Friday, January 22, 2021

Off Road Survival e-bike


I like the idea of using gasoline and electric motors, but not if you MUST have the gasoline to run the electric motors. Best to save the gasoline to charge the batteries when there is no sunlight. Carry flexible solar voltaic panels rolled up with a foldable frame work.

I have been thinking more about what it would really take for a bike that can be driven from city to off road mountains. There are at least a couple that use gasoline, but you can't keep gasoline for very long without it turning to varnish. [If you know of a way, let me know.]

There is still a lot of misinformation about lithium-ion batterys out there. Like “they do not last long” (very wrong, it depends on how the pack is built.) And a silent “field oriented” controller will give much better hill climbing power by automating the phase advance process so that the motor is driven at optimal timing; giving more thrust when needed.

To build a pack that will last longer you must think about what stresses batteries. Making them run cool is essential; that requires having a large enough C rate (more cells in parallel). The right way is to build a pack is to design in much more Amp hours than you actually need. Like I need twice the amp-hours my pack has just to get to town and back with out pedaling. And when hauling a total combined weight of 450lbs or more pedaling is useless. So I need at least 3 times my packs 700Wh capacity to keep my battery pack cool. 2100Wh and more like 2400kWh, yet even more would make them last even longer.

Samsung 29E cells are the longest lasting Lithium-ion 18650 cells but a little unpopular with speed bikers that can't handle any extra weight. The pack of 240 cells I am working on will be only about 8” deep by 9”x10”. Lithium Iron Phosphate [LiFePO4] will last even longer but you will need many more of them to get the Watt hours needed.

And if I were to drive up mountains and haul twice the weight, I may start wishing for gasoline. But good design will solve that problem; get a medium sized battery at first then after testing the bike fully loaded with a Cycle Analyst meter to know how many amp-hours-per-mile is needed, you can build a much larger pack. My largest Watt hours per mile use per trip was up to 75Wh/m recently, but usually never goes over 57Wh/m with my smallish 1500w at 52v nominal motor [3000w at 72 volts]. And you will need more like 6000watts for that much weight on steep terrain. Get a controller for each motor, with heat sensor so you don't burnout the Brushless motors. Two motors are better than one, especial if you must use hub motors set in wheels; because a wheel is like a higher gear ratio than you can build with a separate motor. Even if the hub motors can work at a slower speed.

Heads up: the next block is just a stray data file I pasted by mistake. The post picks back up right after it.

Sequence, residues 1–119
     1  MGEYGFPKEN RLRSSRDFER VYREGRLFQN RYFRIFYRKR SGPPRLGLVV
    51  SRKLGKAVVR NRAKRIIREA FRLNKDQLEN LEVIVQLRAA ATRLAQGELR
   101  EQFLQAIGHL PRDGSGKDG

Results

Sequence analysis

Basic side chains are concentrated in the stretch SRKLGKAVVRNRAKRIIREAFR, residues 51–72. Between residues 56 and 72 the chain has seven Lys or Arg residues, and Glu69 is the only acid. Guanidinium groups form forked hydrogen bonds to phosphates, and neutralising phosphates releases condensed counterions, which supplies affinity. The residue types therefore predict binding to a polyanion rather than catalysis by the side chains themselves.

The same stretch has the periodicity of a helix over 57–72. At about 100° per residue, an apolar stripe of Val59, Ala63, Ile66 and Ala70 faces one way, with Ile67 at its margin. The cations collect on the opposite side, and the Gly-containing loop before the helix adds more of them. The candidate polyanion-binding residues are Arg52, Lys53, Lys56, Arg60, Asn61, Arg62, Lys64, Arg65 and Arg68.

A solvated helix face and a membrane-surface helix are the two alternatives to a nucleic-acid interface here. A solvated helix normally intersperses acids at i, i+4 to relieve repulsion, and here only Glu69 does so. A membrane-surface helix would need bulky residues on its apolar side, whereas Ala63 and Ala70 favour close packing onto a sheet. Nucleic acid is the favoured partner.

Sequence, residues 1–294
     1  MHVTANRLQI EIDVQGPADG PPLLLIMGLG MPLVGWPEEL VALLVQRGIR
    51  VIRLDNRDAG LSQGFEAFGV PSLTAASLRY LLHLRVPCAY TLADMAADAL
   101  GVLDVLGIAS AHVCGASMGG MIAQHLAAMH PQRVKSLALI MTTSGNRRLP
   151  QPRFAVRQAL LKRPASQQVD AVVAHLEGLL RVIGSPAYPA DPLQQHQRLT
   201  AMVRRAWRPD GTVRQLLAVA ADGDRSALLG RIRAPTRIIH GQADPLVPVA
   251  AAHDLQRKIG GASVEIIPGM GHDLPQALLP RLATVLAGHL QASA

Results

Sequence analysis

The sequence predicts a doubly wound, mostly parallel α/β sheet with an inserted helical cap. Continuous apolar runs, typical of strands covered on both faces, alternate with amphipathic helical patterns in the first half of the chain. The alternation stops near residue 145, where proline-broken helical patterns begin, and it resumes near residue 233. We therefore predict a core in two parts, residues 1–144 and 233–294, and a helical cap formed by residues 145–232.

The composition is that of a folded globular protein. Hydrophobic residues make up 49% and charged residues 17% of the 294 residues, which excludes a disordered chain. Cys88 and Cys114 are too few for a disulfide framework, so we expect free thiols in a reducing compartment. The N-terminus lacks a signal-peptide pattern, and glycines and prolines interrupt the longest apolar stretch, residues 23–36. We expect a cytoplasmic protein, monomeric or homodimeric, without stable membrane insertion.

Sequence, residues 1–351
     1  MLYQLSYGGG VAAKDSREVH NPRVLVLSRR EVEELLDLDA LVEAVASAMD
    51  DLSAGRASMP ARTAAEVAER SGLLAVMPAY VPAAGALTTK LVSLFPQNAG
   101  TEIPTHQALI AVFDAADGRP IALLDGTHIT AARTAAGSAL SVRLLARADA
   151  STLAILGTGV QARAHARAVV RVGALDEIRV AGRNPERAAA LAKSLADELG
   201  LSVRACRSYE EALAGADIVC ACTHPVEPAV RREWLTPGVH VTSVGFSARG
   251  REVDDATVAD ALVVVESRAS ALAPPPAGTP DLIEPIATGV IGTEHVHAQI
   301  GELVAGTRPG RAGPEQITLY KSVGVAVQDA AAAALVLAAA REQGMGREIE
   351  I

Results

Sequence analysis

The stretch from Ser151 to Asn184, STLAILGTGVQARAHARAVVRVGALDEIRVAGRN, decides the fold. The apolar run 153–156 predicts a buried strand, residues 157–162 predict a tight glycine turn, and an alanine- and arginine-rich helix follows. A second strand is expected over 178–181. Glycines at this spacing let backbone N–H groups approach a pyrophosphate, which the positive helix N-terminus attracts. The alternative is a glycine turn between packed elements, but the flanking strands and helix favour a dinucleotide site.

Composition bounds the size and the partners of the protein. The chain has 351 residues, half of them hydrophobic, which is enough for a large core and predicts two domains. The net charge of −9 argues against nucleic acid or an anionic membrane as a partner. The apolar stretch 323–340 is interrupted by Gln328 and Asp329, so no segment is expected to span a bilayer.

You will need to calculate as many variables as you can; like what your lowest gear ratio should be, having two different low ratios would be a big help. Big 3 to 4” wide motorcycle tires and plenty of rack room to pack every thing all in one trip. You may need to get off the logging roads. So a short bike with a heavy duty trailer will be needed. And flexible roll-up solar panels with charge controller will be needed.

Knobby tires are not good for the road because they are nail magnets. I once got a large nail right through the middle of my MTB tire. But you will need traction off road. Forget about turning an old bicycle into one of these vehicles. You need to start from scratch and use motorcycle tubes and parts. Like stainless steel not aluminum rims and all airplane steel tubing. Don't build it like some kind of race machine, heavy duty tubing is needed. And extra low motorcycle gears. Better to crawl than to burnout your motor. If the tires will not stand up without air they are not thick enough. The first time I used my 4 ply front tire, it was flat down to 7.5psi And I did not even notice it. It was nice soft ride but I was able to go to the food bank and bring home about 40lbs of food [total combined weight of at least 400lbs] so a round profile steel belted 4ply would be the thinnest tire to use. And large spoon shaped tire irons are the best thing for removal of tires. Don't even try bicycle tire irons.

Improved CycleTruck

Only a few small tools are needed to build a bicycle [besides a welder]

I need some one to build a frame that will hold a large battery pack in the center of the frame so it won't bounce around. But I still need a usable crank with chain drive and large box rack on the front and rear. And the rear should have a 16" rim 2.75" to 3"wide motorcycle tire with 2.25" on the front. The rear rim should be a steel motorcycle rim, while the front could use an aluminum BMX rim. Although I am not sure there is any point in using an expensive bicycle rim. High tech metals seem absurdly over priced unless you are a weight weeny. And there are too many people brainwashed by the bicycle industry; resulting in people thinking they should build cargo bikes with one inch tires to lower the rolling resistance. Even though they will wear-out 10 times faster than a 4 ply motorcycle tire. A tire made for large amounts of weight will ride higher on the tarmac than a tire made for light weight, even at a higher PSI.


1 comment:

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